Episode 138

Why Saying Yes Opens More Storytelling Doors

I’m on the last day of a five-day, 12-hour daily intensive Improv class at The Annoyance Theatre. Our instructor comes in and has us count off by threes. Once that’s done, he instructs us to find everyone else with the same number. Then he tells us:

“Whoever’s in your group, you all are now an Improv team. And you’re going to perform tonight live on the main stage for a public audience.”

I’m thinking, “These teams are made up of people I barely know.” They come from all around the world with different backgrounds, styles, strengths, and varying levels of Improv experience.

And that’s when I realize that’s what’s so cool about this whole thing! We can bring all that to the table in our performance. My made-up-on-the-spot team and I spend the rest of the day creating, refining, rehearsing, and doing it over again, based on our collective suggestions and ideas as a collective.

That night, when we hit the stage and show our stuff, it’s a huge success. And I know a big part of it is due to the collective diversity of the group and the openness to learning from each other as well as respecting and honoring everyone’s contribution.

Speaking of spotlights and collectives, today’s special guest, Lindsay Ravage, is a veteran of the Improv community in addition to working as an actress. And in this episode of the Storytelling School Podcast, she’s here to dive into how the world of Improv can influence you as a storyteller and answer questions such as:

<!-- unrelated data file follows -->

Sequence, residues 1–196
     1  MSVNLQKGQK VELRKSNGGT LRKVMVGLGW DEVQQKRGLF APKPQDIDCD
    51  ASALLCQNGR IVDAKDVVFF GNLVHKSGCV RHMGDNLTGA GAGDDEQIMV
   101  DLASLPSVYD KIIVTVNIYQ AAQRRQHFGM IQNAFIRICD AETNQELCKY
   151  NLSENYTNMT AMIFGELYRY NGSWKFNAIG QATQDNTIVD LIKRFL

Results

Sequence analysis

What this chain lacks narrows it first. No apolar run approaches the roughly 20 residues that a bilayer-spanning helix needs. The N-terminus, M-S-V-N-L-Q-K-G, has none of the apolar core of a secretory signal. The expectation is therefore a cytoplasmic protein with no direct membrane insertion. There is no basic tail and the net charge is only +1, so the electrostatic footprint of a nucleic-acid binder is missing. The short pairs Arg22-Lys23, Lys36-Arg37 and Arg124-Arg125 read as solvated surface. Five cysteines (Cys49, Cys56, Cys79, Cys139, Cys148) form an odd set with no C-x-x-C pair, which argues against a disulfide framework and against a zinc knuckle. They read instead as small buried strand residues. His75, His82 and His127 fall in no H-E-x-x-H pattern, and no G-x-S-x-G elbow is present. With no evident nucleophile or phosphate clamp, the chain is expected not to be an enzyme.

Why are you already an experienced Improv storyteller, even if you’ve never performed it on a stage? How does having trust in others influence the ability to create a bigger story? Why is it so important for kids at a young age to learn how to express themselves and be creative in telling stories? And how do shared experiences make for powerful storytelling?

What you will learn in this episode:

  • Why saying “yes” opens the door for new stories to occur
  • How an audience’s response to your narrative can affect your storytelling in real-time
  • Why having a first-person point of view makes your story more interesting

Who is Lindsay Ravage?

Growing up just outside of New York City, Lindsay Ravage fell in love with the stage at a young age. She received her Bachelor of Arts degree from the University of Southern California’s Theatre School and studied at the esteemed British Academy of Dramatic Arts in London. She is also a graduate of The Second City conservatory program and UCB Improv program and has performed Improv all over Los Angeles in various Improvisation and sketch troupes. In addition to still acting in commercials and television, she has worked as a casting associate for some of the most successful commercial casting offices in Los Angeles.

Lindsay has also worked with children most of her adult life. But she felt there was a lack of theatre classes in the L.A. area for her own kids. Wanting to create a fun and creative outlet for non-professional kids, she started Tiny Spotlight–Los Angeles’ premiere children’s theater academy that offers musical theater, Improv, and sketch comedy classes to kids aged 3-11.

These classes are taught by top-notch directors in a real theatre setting. They’re designed as fun-filled performance experiences to build confidence and let kids know that their ideas are important and what they have to say matters. Tiny Spotlight classes are held at the charming Two Roads Theater in Little Tujunga Village in the heart of Studio City, California and at The Pico Theatre in West LA.

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